THREE in four frail elderly patients in acute care present with poor oral health and, in most cases, this fails to improve over a 1-week hospital stay, Australian researchers have reported.
In a study published in Age and Ageing, the oral health of 575 patients admitted to acute geriatric care at two NSW hospitals was assessed. The researchers found that 76% of patients had oral cleanliness scores in the “not healthy” range, with food particles, tartar or plaque evident in their mouth, teeth or dentures.
After 7 days, 206 patients were reassessed and 72% (149) were in the “not healthy” range. Of the 206 patients, 62% (127) had the same oral health score as on admission.
Lead author Jennifer Gibney, a clinical researcher with Concord Hospital’s Centre for Education and Research on Ageing, said that there were several reasons why this group of patients may present with poor oral health.
“It may be because of poor oral health at home. They may not be able to get to a dentist because they rely on other people to drive them. There is also the cost of going to a dentist, or they may have comorbidities, such as osteoarthritis, that make it hard to brush their teeth,” Ms Gibney told MJA InSight.
Also, she said that patients admitted into geriatric care often had reduced alertness, or may be confused or delirious.
“They have behaviours that may impact people’s ability to help them with their oral hygiene,” Ms Gibney said, who is also a speech pathologist.
A lack of standard oral health procedures in many hospitals, she said, meant that poor oral hygiene was often not dealt with after hospital admission.
In a 2015 study conducted by Ms Gibney, hospital nursing staff reported several barriers to supporting oral health care, including patient behaviours, lack of resources and patients’ physical difficulties.
Consultant geriatrician Associate Professor Vasi Naganathan emphasised that this latest study was conducted among frail elderly patients with multiple comorbidities.
“There’s a high proportion of people who have poor oral health, and for some people it gets worse in hospital. This is perhaps not surprising, considering how sick they are,” said Professor Naganathan, a co-author of the Age and Ageing study.
“These are people who maybe have two infections at once, they may be delirious, they may have pain, fractures.”
Professor Naganathan said that efforts to improve oral health could potentially reduce the rate of aspiration pneumonia, which affects a small proportion of patients admitted to geriatric care.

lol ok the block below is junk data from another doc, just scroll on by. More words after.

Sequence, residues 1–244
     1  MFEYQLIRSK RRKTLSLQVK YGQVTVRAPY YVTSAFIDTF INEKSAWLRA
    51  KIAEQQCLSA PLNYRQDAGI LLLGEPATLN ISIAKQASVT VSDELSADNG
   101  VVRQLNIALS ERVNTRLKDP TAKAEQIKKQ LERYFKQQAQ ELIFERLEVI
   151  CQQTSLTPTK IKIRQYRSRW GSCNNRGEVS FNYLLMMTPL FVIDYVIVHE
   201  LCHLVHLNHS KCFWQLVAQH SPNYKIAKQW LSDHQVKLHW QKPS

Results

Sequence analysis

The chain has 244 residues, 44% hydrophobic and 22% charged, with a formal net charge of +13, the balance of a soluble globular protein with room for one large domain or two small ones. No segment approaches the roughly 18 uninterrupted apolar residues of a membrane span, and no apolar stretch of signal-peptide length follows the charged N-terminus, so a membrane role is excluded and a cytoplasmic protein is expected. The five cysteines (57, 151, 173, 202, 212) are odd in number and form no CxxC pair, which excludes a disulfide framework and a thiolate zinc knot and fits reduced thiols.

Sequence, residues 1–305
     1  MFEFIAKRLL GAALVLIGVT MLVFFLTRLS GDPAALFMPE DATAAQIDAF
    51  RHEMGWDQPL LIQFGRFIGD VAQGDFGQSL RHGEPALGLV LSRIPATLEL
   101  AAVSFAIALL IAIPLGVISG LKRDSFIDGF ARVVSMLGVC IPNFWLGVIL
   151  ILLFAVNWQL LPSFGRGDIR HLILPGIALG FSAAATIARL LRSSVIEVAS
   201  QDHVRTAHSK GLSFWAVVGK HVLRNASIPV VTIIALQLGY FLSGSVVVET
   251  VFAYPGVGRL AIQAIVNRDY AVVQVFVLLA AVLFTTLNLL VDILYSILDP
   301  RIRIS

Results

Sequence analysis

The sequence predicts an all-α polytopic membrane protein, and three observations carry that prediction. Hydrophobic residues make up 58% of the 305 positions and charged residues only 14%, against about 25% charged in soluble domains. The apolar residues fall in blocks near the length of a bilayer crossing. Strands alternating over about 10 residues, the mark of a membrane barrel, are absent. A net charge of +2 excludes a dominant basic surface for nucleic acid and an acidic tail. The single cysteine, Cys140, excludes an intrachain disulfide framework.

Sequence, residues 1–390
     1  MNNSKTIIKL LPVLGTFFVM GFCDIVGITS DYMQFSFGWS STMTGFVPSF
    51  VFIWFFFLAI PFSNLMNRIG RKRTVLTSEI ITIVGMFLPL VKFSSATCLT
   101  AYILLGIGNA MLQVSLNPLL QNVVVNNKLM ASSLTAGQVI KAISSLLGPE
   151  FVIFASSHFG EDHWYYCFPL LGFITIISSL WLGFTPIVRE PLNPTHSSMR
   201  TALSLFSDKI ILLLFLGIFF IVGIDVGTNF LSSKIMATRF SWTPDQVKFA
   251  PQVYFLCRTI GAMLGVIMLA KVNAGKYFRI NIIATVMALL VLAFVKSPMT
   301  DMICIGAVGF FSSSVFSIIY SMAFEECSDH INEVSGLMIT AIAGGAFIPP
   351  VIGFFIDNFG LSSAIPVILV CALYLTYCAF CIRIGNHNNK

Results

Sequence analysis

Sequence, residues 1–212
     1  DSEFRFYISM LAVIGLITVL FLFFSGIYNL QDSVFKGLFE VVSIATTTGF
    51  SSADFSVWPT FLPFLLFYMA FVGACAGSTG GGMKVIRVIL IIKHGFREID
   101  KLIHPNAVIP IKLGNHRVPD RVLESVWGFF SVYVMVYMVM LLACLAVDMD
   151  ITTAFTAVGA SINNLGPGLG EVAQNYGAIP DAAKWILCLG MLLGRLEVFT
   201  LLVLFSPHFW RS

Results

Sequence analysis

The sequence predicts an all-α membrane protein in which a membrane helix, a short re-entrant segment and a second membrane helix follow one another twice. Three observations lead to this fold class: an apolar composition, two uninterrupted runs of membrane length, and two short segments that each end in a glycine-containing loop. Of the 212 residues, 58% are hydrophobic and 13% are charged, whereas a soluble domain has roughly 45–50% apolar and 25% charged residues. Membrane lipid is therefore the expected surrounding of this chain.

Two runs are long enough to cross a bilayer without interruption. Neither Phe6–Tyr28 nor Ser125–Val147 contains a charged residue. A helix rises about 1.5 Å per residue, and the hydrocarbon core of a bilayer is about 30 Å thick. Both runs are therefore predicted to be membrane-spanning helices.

“But it’s a big ‘may’,” he said. “There is an argument that if you clean up people’s mouths, they may be at less risk of aspiration pneumonia and you may have more freedom in terms of what you can give them orally.
“But there is the counter argument: with so many other [health problems] to address, will fixing up their oral health make any difference in that context?”
These are questions that the research group is hoping to answer in the future, with one study already underway to evaluate the impact of having an oral health therapist on wards and supporting nurses to provide oral care to patients.
Further research would then be needed to assess the impact of these interventions on health outcomes, Professor Naganathan said, noting that such a study would be difficult.
Professor David Manton, chair of the Australian Dental Association’s Oral Health Committee, said that this latest research raised a broader problem of oral health among elderly people who were increasingly keeping their own teeth.
Professor Manton said that 25–30 years ago about 70% of 70-year-olds had full dentures, but that this had decreased to around half in patients in nursing homes, with probably an even smaller proportion in the general population.
“As each decade goes on, that will continue to decrease,” he said.
However, Professor Manton said that oral health care procedures in hospitals and nursing homes had not evolved to reflect this change in patients’ oral care needs.
“It used to be [that patients would] take their teeth out, give them a scrub, and put them back in or maybe leave them in the drawer by the bed – it’s really changed the concept of oral health in this population group,” he said.
“Now, when people end up in nursing homes [or in hospital], the nursing staff and associated staff are expected to look after the oral health of the patient, and most did not have training or the allocated time to do that.”
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